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Characteristics of effective CPD

Effective professional development (PD) - professional learning if you prefer - is critical to maintaining and enhancing practice (and thus learning) in schools. However, the most common forms of PD for teachers tend not to be effective - in the sense of leading to positive changes in practice which lead to improvements in young people's learning. This begs the question - what does effective PD look like?

Characteristics of effective PD
Figure 1 Characteristics of effective PD

Way back in 2014 Fiona Henry and I wrote a paper reflecting on this question. The key characteristics of effective PD which we identified then (see Figure 1 above) haven't changed. They include PD being:

  • top down - so that it is strategic and impact focused (involving the senior management team, linking with the school development plan, and being integrated with the school’s systems and processes);
  • school based so that it is context relevant (for example in terms of using resources that are available for teacher to use in their practice);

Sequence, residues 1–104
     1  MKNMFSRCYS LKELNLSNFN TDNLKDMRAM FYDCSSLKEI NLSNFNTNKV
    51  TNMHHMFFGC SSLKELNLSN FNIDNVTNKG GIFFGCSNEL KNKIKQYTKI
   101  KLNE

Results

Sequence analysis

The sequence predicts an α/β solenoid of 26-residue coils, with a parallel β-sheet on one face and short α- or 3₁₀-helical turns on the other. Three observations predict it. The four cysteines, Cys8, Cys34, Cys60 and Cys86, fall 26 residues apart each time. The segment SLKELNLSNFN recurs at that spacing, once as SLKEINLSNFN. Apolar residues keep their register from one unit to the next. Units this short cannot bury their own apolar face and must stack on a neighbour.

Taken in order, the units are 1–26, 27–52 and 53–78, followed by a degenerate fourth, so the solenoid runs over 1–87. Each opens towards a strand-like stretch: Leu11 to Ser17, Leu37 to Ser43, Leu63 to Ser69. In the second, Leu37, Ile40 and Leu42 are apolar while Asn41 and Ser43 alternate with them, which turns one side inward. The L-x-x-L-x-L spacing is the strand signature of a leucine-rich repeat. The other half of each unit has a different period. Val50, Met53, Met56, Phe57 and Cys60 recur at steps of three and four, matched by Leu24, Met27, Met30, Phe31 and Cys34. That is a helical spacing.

• informed by external expertise as well as recognising and valuing the expertise of school staff;
  • experimental & reflective (valuing calculated risk taking, learning from mistakes as well as things that go well, and making tacit knowledge explicit);
  • collaborative so that staff learn with and from each other;
  • evidence/research informed to learn from the wider community and avoid 'obvious mistakes/dead ends';
  • sustained so that there is time for it to impact on practice and enhance young people's learning (which ultimately is the purpose of education);
  • evaluated (in relation to planned impact) so that it's cost-effectiveness is clear and future investment and professional development needs can be justified;
  • practical - in the terms of cost (both financial and staff time). This includes being at the right level of granularity to integrate with teachers' work;
  • bottom up so that it is perceived as being relevant and valuable to the staff involved, including building upon initiatives that emerge from teachers' personal interests and networks.

We analysed a range of different approaches to professional learning, such things as TeachMeets, personal learning networks (PLNs), and subject community websites as well as more traditional courses, conferences and workshops. We concluded that the most effective form of professional learning involved the school becoming a learning organisation - within which staff were supported in being practitioner researchers (but the value of practitioner research is the focus of another blog post which I have yet to write!).

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